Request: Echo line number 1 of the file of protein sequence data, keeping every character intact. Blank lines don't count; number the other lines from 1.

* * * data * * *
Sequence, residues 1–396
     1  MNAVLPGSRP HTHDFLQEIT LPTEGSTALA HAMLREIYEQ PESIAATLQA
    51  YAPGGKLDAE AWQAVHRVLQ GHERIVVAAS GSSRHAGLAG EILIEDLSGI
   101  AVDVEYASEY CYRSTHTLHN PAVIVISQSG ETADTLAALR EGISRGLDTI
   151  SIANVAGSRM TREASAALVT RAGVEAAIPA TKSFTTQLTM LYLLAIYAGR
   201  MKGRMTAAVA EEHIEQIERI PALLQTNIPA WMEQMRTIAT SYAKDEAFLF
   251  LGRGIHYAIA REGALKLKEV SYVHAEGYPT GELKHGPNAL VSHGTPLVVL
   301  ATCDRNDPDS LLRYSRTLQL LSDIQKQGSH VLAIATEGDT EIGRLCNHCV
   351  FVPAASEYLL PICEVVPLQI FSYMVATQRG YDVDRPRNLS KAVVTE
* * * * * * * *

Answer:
Sequence, residues 1–396